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Smoking Report Released

Kennedy School Study Aims at Helping Smokers Quit

By Suzanne PETREN Moritz

Every smoker has a favored method of quitting and many try several before they succeed, according to a report released yesterday.

The report, produced by the Institute for the Study of Smoking Behavior and Policy, records a conference held last summer on the products and programs geared to stoping smoking.

Since 1984 the Kennedy School of Government study center has been the only research center in the country considering public policy issues surrounding smoking behavior.

Officials involved with the study and the conference said yesterday that the report does not aim to answer the questions of how smoking cessation services can be improved but rather to pinpoint the issues involved.

"The conference was designed to open up the issues," said John M. Pinney, executive director of the smoking study institute. "We obviously raised more questions than we answered."

Participants said they sought to discover what programs work because little research is available on the subject and because most of the smokers who try to quit do so on their own.

"We found that less than a quarter of those who try to quit [each year] use a program or product," said Pinney.

Officials added that the lack of data on which particular programs are successful makes it difficult to recommend them to smokers, insurance companies and other companies.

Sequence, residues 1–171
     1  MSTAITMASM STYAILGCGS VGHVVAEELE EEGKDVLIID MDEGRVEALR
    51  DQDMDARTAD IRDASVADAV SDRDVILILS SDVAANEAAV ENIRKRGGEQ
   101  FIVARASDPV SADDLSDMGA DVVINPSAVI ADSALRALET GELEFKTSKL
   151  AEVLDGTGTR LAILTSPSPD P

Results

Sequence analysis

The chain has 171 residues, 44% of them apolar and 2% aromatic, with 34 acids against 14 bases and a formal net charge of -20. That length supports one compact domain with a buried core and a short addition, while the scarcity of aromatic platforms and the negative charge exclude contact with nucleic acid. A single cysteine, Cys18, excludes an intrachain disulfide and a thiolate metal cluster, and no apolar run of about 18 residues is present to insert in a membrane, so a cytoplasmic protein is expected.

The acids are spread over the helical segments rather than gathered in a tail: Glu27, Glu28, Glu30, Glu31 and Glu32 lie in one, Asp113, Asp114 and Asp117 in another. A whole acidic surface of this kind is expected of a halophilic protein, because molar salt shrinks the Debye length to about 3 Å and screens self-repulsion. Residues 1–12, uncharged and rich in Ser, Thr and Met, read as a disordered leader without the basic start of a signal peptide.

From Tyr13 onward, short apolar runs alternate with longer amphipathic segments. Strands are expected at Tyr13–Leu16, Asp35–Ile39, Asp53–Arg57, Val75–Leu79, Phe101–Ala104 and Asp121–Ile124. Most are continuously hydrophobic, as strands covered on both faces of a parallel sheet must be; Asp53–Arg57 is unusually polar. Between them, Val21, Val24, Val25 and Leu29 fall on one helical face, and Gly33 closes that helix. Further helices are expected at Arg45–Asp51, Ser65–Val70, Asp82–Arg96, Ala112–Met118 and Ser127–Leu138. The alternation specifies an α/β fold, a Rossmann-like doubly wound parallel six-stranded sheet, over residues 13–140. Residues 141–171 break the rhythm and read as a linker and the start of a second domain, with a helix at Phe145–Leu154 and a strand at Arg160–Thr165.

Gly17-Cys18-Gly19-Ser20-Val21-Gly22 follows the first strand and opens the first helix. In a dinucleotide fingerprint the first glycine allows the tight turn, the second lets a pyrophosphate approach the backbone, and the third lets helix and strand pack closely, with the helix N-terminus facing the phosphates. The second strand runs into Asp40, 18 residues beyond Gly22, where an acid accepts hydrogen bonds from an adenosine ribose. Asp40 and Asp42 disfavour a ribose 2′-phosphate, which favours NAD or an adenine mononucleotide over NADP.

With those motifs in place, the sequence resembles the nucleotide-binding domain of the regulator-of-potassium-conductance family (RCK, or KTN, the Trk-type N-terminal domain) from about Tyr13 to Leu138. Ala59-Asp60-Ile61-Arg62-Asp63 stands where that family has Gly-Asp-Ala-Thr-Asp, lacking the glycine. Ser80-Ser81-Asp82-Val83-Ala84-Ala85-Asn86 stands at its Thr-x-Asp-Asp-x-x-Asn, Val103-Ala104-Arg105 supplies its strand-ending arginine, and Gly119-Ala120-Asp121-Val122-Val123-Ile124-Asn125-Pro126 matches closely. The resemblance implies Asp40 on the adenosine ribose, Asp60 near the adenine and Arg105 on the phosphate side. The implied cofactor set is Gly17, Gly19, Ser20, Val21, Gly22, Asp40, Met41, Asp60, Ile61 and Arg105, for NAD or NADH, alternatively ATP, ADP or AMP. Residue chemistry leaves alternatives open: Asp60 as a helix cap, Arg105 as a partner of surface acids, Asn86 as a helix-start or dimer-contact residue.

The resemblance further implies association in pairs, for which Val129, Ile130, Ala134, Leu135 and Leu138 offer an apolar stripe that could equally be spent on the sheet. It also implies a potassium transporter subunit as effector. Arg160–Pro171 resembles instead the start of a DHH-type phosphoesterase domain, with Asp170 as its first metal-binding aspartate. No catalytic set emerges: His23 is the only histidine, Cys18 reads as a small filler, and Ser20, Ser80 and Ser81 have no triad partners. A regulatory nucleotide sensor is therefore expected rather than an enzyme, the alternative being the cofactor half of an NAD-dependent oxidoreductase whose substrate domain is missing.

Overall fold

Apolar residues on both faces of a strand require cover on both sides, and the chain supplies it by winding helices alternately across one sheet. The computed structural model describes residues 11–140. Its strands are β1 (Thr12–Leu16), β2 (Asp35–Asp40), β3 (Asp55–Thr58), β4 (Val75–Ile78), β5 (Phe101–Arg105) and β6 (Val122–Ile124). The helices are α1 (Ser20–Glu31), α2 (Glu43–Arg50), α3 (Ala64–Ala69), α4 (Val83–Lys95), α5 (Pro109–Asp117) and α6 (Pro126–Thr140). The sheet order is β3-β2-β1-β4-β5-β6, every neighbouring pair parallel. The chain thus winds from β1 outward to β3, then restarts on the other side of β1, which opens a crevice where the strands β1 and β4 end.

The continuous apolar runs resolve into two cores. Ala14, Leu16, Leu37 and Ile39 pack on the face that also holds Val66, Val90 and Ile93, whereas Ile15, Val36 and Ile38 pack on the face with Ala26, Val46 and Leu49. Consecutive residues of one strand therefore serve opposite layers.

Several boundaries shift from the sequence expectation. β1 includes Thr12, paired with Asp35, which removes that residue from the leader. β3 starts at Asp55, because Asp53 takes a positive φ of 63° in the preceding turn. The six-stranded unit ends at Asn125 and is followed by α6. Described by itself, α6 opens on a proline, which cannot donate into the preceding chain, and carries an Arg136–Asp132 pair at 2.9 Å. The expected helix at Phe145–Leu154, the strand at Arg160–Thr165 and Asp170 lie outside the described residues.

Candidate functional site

Thomas C. Schelling, director of the smoking study institute, said, "One of the difficulties with the programs that help people quit is that they do not have research units to keep track of the smokers afterwards."

Scholars involved in the study also suggested that heath care providers could be trained to counsel smokers and possibly double or triple the number who quit. Some previous smoking studies have indicated that doctors can be instrumental in encouraging their patients to quit. Five to seven percent of smokers quit when a heath care professional encouraged them, said Pinney.

Health care workers are reluctant to encourage patients who do not have smoking-related diseases to quit, study participants said.

"Currently the focus of their education is on curing, not preventing," said Chris L. Pashos, coordinator of the smoking conference.

Officials also said that the more than 35 million American who do not have health insurance or disposable income could slip through cracks and not be advised to stop smoking.

"These are people who are going to get sick more regularly and have no health insurance," said Pinney. "They will be served by the health care industry and some one is going to bear that cost."

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